By admin

October 18th, 2010 at 7:22 am

Circle + Bloom has started a fantastic new blog series called How Einstein Would Get Pregnant to highlight ways we can creatively use our brains, minds and body to influence our fertility and ability to become pregnant.  They have created this as a podcast as well which you can find on iTunes.  Special Thanks to Circle + Bloom for sharing their series with East Coast Fertility!

Welcome to Week 1 of our new series of How Einstein Would Get Pregnant.  This week we would like to cover the basics of our existence – our cells. We have between 50 – 75 trillion cells that make up our bodies and shouldn’t we know more about how they work? I promise not to take you back to high school biology! What Cellular Biology is covering lately is how our thoughts, emotions, experiences create change on a cellular level.  Sound interesting?  Let us start with some basic foundation of how our cells look and work:

  • Each cell at its basic level contains proteins, nucleus – and within the nucleus has DNA – all which is surrounded by a membrane;
  • Each cell is constantly working, breathing, digesting and reproducing to support our entire existence;
  • A key component of the cell are the proteins that provide direction to how the cell should operate and change; and
  • The cell membrane, and its millions of receptor sites, decides what information (ligands) enter the cell to change the proteins and hence change the cell.

Dr. Bruce Lipton in his book Biology of Belief discusses his work in uncovering how our cells are manipulated and changed as we go about our daily lives.  He covers the fact that the Human Genome Project has essentially debunked the theory that whatever is in your DNA dictates the expression of your cells.   In summary, there are about 120,000 different types of proteins responsible for what makes a cell do what it needs to do.  DNA theory would suggest then that there should be the same amount of DNA instructions or coding to create these proteins.  The Human Genome Project found only about 30,000 different types of DNA, leaving the question of how exactly our proteins become the various types of proteins that make our cells accomplish the things they need to accomplish.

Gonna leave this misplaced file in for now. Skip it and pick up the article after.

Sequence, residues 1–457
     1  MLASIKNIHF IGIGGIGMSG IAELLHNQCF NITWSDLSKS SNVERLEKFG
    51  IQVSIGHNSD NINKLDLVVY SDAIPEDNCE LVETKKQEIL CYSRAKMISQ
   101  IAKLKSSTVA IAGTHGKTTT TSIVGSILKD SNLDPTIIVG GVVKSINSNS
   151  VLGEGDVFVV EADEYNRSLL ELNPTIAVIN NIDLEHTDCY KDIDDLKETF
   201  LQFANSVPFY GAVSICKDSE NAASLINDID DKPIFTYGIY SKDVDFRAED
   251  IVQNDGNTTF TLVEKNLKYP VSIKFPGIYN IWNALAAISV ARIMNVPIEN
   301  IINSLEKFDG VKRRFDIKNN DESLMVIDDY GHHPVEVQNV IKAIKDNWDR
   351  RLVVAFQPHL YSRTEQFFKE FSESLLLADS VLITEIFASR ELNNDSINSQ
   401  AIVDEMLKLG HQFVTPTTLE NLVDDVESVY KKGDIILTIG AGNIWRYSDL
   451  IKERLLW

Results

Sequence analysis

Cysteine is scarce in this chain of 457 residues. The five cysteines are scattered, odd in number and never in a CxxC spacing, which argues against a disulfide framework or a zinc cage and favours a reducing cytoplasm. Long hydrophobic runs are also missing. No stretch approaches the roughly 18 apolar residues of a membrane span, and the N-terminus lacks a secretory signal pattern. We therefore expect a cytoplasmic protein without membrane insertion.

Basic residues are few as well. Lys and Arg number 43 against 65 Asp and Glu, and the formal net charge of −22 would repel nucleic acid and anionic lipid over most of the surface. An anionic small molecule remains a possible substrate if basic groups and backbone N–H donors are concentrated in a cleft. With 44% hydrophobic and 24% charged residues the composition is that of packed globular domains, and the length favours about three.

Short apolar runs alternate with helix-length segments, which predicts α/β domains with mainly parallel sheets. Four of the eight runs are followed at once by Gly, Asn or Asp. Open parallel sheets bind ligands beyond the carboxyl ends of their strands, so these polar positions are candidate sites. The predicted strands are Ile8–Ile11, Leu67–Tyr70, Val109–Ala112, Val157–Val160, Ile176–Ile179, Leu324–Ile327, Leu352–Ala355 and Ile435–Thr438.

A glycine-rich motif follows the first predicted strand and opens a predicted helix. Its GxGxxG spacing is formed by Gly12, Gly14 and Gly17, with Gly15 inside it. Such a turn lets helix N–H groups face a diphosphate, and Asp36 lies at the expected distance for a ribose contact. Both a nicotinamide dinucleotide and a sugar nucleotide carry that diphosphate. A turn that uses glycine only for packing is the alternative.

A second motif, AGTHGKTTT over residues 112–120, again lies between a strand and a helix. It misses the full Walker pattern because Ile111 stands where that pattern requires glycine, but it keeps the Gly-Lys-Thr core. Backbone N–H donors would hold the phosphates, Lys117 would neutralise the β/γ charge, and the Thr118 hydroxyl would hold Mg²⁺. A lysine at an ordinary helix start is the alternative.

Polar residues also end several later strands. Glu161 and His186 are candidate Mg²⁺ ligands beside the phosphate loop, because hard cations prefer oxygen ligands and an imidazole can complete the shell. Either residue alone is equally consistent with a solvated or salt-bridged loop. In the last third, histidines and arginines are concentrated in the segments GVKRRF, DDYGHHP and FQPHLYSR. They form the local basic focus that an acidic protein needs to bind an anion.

So no longer can we sit back and credit (or blame!) our genes.   The book Genius in All of Us by David Shenk shows us “why everything you’ve been told about genetics, talent, and IQ is wrong.”  Genes are not a “blueprint” that bless some with greatness and doom most of us to mediocrity or worse. Rather our individual destinies are a product of the complex interplay between genes and outside stimuli-a dynamic that we can influence. 

It is now believed that there are signals and packets of information that are sent from our senses, which are then put into our subconscious and sent to the cells.  The packets of information attach themselves to the cell membrane – and it’s actually the membrane that accepts those messages to be let in and subsequently change our cells.

And here is the power  – if your senses and subconscious have a direct effect on the messages that are sent to the cells, then who is in “control?”  Let’s explore this a bit more and explain how we can begin to influence positive change for our reproductive health.

To try and keep this as simple as possible – think about a messenger, the person on the bike that races around NYC to deliver packages – well there are millions of messengers in your body delivering packages to your cells – constantly 24X7 – no overtime pay required.